You will need to decide on a business structure before setting up your business. The Australian business structure you choose should serve your current business size and any future expansion plans you have:
- Sole trader. You manage all aspects of the business and have full control of it. You are also personally liable for the business.
- Partnership. A partnership business involves two or more people who share control, income and should operate under a partnership agreement.
- Company. Companies are owned by shareholders who can be directors or investors. It is a structure that limits your liability because a company is considered a separate legal entity.
Do I need any business, financial and legal documents written up before I start operating?
You will need some business, financial and legal documents to get set up. These may include:
- A business license. You will need to register with the Australian Securities and Investments Commission (ASIC), get an Australian Company Number (ACN) and apply for an Australian Business Number (ABN). The requirement for a business license varies by state.
- A signage license. Apply for this permit to place an advertising sign on a building, road or footpath.
- Goods and Services Tax (GST). If your turnover is $75,000 or more, you'll need to register for a GST.
- Tax File Number. This is a personal reference number in the tax and superannuation systems.
- Exemption from restricted trading days. This permit allows you to have your shop open on restricted trading days such as Good Friday, Easter Sunday, Anzac Day or Christmas Day.
- Permits for importing goods. You will need to be aware of and comply with any customs legislation and procedures. Do this before you order goods from overseas.
Get access to legal services and documents online
Does your company belong in this list?
How can I build up my customer base?
It's important to get the word out about your store quickly, and you can even do it before you set up your business. Create a website and any relevant social media profiles such as Instagram and Pinterest. Using these profiles, find people that might be customers such as those in the local area or that have an interest in vintage clothes.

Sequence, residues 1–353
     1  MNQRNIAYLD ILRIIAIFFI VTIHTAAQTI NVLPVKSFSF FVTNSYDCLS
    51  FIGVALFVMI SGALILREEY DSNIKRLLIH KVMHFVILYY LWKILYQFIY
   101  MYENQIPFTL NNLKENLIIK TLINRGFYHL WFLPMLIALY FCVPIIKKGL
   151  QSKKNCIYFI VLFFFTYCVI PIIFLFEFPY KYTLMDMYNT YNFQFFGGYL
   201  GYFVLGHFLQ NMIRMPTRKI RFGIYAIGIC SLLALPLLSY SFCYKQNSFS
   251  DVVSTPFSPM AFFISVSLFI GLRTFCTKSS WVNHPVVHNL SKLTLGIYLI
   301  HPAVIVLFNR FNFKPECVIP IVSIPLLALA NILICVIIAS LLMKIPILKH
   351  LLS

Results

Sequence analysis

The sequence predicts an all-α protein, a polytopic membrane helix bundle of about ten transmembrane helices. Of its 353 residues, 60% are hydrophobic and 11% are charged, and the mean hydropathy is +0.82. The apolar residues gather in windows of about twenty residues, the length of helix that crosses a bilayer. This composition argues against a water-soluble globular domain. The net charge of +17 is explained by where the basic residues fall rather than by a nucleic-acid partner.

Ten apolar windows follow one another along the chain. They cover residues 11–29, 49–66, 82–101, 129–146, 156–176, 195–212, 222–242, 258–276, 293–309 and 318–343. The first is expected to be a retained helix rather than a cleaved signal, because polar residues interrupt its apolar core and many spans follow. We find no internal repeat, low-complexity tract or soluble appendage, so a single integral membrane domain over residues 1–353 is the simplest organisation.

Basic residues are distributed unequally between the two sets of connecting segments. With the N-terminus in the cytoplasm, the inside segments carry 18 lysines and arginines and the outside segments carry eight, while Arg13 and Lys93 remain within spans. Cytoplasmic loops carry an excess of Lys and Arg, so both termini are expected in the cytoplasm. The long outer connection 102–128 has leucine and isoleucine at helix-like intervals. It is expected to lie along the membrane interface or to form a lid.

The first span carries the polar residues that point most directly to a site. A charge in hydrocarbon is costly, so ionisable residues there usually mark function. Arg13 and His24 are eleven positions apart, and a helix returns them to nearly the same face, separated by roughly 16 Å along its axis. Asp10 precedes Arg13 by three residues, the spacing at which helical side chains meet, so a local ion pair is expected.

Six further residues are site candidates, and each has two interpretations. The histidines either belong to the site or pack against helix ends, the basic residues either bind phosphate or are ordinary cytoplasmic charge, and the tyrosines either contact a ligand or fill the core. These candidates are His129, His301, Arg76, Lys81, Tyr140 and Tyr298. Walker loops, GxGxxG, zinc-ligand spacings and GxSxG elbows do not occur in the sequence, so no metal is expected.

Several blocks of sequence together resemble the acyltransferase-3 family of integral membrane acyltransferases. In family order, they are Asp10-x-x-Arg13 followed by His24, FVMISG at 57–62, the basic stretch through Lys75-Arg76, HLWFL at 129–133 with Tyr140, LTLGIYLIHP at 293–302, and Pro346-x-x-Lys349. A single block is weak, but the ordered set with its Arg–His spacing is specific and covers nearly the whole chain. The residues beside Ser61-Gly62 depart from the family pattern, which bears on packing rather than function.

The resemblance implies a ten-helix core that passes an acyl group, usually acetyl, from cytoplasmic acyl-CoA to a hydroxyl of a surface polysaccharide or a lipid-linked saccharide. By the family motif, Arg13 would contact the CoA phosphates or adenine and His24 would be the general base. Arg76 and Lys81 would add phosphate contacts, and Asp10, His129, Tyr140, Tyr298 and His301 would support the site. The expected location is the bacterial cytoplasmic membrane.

When sharing photos of your vintage clothes, make sure to capture details such as fabric texture, trims and closures to grab your customer's attention. You also have the option of running your shop on Facebook Marketplace to reach out to local customers. Another idea is to rent a booth at weekly flea markets to find vintage clothes-loving customers.
How much should I charge my customers?
When pricing your merchandise you should consider the garment's era, purchase cost, trend, quality, availability, designer and season of sale. To arrive at a fair price, you will need to decide whether the piece fits modern trends, its market availability and whether it's in season.
Make sure you stay up to date on vintage fashions trends and what's selling in other stores. You can do this by frequently visiting your competitor's businesses, browsing vintage clothing markets and keeping up with vintage clothes blogs.
Ready to get set up with Square?Get your business moving with payment terminals, QR code ordering, invoices and more.
Frequently asked questions
Should I set up a physical store or online-only?
This is up to you and you can find success with either model. An online store requires less overhead because you don't need to pay for a physical presence, which requires additional costs such as rent and business insurance. If you want to try your hand at a physical store with a less permanent setup, consider hiring a space at local markets.
Where can I purchase vintage clothes from?
It's important to find a few good suppliers early on. You're also able to source clothes from other stores and online which you can buy cheaply and then profit from in your own store.
Will I need to work in the store full-time from the beginning?
If you're concerned about keeping your business afloat without a stable income, you might consider starting it as a "side hustle". This lets you keep working elsewhere while you build your business in your own time.